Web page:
A harrowing 911 call revealed how Orlando’s ICON theme park employees ‘didn’t secure the seatbelt’ of a 14-year-old boy who fell to his death from a 430-foot drop tower.
Tyre Sampson, 14, of St. Louis, Missouri, died after slipping out of his seat on the 430-foot Orlando Free Fall ride at the ICON Park at around 11pm on Thursday. The teenager was visiting central Florida on a football program trip
Sampson had been worried about the harness prior to the ride beginning, his father Yarnell said, and told his friends sitting next to him to tell his parents that he loved them.
‘When the ride took off, that’s when he was feeling uncomfortable. He was like ‘this thing is moving,’ you know what I’m saying. And he was like ‘what’s going on?’ Yarnell told WOFL-TV.
The grieving father said that Tyre began to panic and shared a chilling premonition with his two best friends, seated next to him on the ride.
‘That’s when he started freaking out. And he was explaining to his friends, next to him: “I don’t know man, if I don’t make it down, safely, can you please tell my momma and daddy that I love them,”‘ said Sampson. ‘For him to say something like that, he must have felt something.’
Now, the 911 call revealed that Sampson’s seatbelt wasn’t secured.
‘They didn’t secure the seatbelt on him,’ an unidentified woman caller told a 911 operator.
‘They’re saying he’s breathing, but he’s not responsive. Looks like his arms are broken and his legs,’ the person said.
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A harrow 911 call revealed that 14-year-old Tyre Sampson’s harness wasn’t secured, causing him to fall to his death on Thursday. ‘They didn’t secure the seatbelt on him,’ an unidentified woman caller told a 911 operator
Tyre’s harness does not appear to be buckled in this photo, which was taken moments before the ride went into the air, unlike the other boys. It’s unclear if he did fasten it before the ride began (pictured: Tyre, far right)
When asked how far up he was when he feel, the woman replied: ‘I’m not sure, but it’s the new [ride], that’s all the way high – the highest one. I don’t know from where he fell.’
The 911 caller graphically described Tyre’s injuries, including that he had ‘blood on his feet’ and saying he was unresponsive but possibly still alive.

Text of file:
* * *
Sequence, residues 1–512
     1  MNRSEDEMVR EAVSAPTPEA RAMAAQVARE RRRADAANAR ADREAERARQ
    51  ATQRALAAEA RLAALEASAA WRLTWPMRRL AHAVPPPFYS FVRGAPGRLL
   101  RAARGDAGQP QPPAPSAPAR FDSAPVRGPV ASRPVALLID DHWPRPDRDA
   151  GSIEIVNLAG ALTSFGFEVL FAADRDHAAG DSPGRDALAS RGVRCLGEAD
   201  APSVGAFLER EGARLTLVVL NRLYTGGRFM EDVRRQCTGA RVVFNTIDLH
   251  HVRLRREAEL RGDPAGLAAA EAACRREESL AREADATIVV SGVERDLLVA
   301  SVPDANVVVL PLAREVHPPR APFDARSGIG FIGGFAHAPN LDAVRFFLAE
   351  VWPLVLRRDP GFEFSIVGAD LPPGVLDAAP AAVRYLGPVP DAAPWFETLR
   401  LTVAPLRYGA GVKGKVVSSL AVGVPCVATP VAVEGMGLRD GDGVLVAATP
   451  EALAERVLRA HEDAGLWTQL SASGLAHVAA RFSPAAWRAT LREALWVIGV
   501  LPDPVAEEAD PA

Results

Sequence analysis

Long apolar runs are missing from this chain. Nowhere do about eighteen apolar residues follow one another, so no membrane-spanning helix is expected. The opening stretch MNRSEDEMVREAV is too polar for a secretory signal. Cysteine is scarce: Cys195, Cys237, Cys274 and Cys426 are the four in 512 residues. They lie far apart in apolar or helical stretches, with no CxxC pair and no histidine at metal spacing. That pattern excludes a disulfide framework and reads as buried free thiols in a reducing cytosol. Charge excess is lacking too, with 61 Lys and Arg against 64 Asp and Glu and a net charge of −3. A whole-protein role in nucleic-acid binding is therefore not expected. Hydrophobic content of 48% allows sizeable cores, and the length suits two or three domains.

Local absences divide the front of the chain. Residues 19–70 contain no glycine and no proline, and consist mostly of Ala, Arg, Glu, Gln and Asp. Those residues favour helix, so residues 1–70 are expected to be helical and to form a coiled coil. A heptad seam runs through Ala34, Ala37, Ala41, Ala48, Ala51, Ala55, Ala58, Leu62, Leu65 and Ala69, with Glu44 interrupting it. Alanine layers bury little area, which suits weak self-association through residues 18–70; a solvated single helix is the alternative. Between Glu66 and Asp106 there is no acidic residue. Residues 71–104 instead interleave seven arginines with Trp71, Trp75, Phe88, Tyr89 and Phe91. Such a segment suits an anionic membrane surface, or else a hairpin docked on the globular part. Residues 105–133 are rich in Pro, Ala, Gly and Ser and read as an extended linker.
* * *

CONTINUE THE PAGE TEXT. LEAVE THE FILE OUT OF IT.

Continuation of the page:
She also informed the 911 operator that no one was able to perform CPR on Sampson because they were unable to shift him to his back.
‘No, no, he’s a heavy dude. He’s on his stomach,’ the woman said.
Yarnell said that his son was 6-foot-5 and 340 pounds, and was told by other rides in the park that he was too large to ride safely, but that the Free Fall ride operators waved him aboard.
‘This particular ride decided: “Yeah, we can take you, get on,” when nobody else would allow him to get on the rides,’ said Sampson’s father.
An investigation into the park is now underway. At a press conference on Friday, Orange County Sheriff John Mina said: ‘It appears to be just a terrible tragedy. We will see moving forward what that results in.’
Tyre and the rest of the group had been told moments earlier that there were no seatbelts on the ride. The only thing stopping them from falling out of their seats were plastic, pull-down harnesses which are supposed to buckle in place, in between riders’ legs.
One woman was worried about the fact there was nothing more to keep them in the seats as the ride descended and asked if there was a seatbelt to clip them in. ‘There ain’t no seatbelts,’ the ride attendant replied.
The ride then went up in the air and halted for around 10 seconds before dropping.
The boy fell out of his seat and landed on the ground soon afterwards to the horror of the other riders.
After they were back on the ground, video shows a different park worker run over to the ride attendant and ask: ‘You didn’t check it!?’
He insisted that he had and she asked again: ‘Are you sure?’
Tyre’s family paid tribute to him on social media as a ‘gentle giant.’
His step-mother Wendy said: ‘Tyre was a respectful gentle giant. You will be truly missed son,’ she said.
Park employees say they initially thought his body was a piece of the ride that had broken off until they saw the boy lying on the ground.
It’s unclear what the minimum height restriction for the ride is or how he could have fallen out of his harness.
It is the second accident at the park in two years. In 2020, a park employee died while working on the StarFlyer ride.